Process evaluation of a pilot evidence-based Polycystic Ovary Syndrome clinic in the Torres Strait

Jacqueline Boyle, Grace Hollands, Sarah Beck, Gaynor Hampel, Hylda Wapau, Marissa Arnot, Louise Browne, Helena J. Teede, Lisa J. Moran

Research output: Contribution to journalArticleResearchpeer-review

20 Citations (Scopus)

Abstract

Objective: Polycystic ovary syndrome (PCOS) is a chronic endocrine syndrome in reproductive-aged women which is very common among Aboriginal and Torres Strait Islander women. The objective of this study was to conduct a process evaluation of a pilot clinic on Thursday Island which aimed to provide a comprehensive evidence-based service for women with PCOS throughout the Torres Strait. Design: Mixed-method evaluation at 12 months comprising a medical record audit, semi-structured interviews and focus group discussions. Setting: Primary care. Participants: Audit of n = 11 clinics (n = 36 women), qualitative semi-structured interviews with n = 8 clinicians and focus group discussions with n = 8 women. Main outcome measures: (i) Fidelity to evidence-based guidelines, (ii) barriers and enablers to women using the service, (iii) the ability to meet the needs of women and the community. Results: The clinic was largely successful in providing evidence-based care with up to 78 of women receiving recommended cardiometabolic screening, 100 emotional screening and 89 lifestyle management despite the remoteness of the clinic and limited financial and human resources. Health care providers report sustainability of the clinic will be dependent on factors including staffing, administrative support and inclusion of Aboriginal and Torres Strait Islander health workers. Conclusion: While the clinic has been largely successful there are areas identified for potential improvement and to facilitate sustainability which should be considered before up-scaling this model to a national level. These include systems, administrative and staffing support, engaging with other community services to facilitate lifestyle changes and ongoing engagement and upskilling of Aboriginal and Torres Strait Islander health care providers.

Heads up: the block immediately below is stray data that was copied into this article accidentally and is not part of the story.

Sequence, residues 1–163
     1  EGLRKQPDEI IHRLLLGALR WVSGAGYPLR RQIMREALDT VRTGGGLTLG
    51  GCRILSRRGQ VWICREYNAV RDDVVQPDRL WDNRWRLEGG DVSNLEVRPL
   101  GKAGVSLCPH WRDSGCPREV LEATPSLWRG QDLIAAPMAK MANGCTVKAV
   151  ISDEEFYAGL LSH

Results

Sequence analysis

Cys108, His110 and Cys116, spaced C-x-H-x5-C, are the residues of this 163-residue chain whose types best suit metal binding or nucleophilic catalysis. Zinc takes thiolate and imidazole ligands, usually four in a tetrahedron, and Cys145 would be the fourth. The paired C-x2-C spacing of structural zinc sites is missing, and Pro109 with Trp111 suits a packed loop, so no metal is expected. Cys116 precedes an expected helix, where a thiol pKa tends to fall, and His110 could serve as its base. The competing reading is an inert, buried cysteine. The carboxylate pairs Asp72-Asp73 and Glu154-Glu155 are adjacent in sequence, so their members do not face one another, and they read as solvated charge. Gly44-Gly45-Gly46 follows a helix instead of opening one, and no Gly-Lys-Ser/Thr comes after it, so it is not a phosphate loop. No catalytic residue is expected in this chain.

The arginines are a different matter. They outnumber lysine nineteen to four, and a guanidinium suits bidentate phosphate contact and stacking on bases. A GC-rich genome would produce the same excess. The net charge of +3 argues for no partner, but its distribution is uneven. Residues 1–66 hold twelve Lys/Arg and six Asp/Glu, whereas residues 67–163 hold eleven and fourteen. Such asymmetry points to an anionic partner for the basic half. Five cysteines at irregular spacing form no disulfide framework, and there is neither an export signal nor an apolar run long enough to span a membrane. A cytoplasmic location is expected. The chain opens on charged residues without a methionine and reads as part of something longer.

Original languageEnglish
Pages (from-to)175-181
Number of pages7
JournalAustralian and New Zealand Journal of Public Health
Volume25
Issue number3
DOIs
Publication statusPublished - Jun 2017

Keywords

  • Indigenous health
  • lifestyle management
  • Polycystic ovary syndrome
  • rural health
  • screening

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